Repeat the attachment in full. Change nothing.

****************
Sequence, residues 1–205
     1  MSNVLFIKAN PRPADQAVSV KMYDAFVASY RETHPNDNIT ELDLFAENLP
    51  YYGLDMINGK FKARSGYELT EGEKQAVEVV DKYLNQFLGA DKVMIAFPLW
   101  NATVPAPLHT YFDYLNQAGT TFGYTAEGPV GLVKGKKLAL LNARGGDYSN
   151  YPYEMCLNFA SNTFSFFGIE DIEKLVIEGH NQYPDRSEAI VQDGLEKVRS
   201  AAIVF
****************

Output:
Sequence, residues 1–205
     1  MSNVLFIKAN PRPADQAVSV KMYDAFVASY RETHPNDNIT ELDLFAENLP
    51  YYGLDMINGK FKARSGYELT EGEKQAVEVV DKYLNQFLGA DKVMIAFPLW
   101  NATVPAPLHT YFDYLNQAGT TFGYTAEGPV GLVKGKKLAL LNARGGDYSN
   151  YPYEMCLNFA SNTFSFFGIE DIEKLVIEGH NQYPDRSEAI VQDGLEKVRS
   201  AAIVF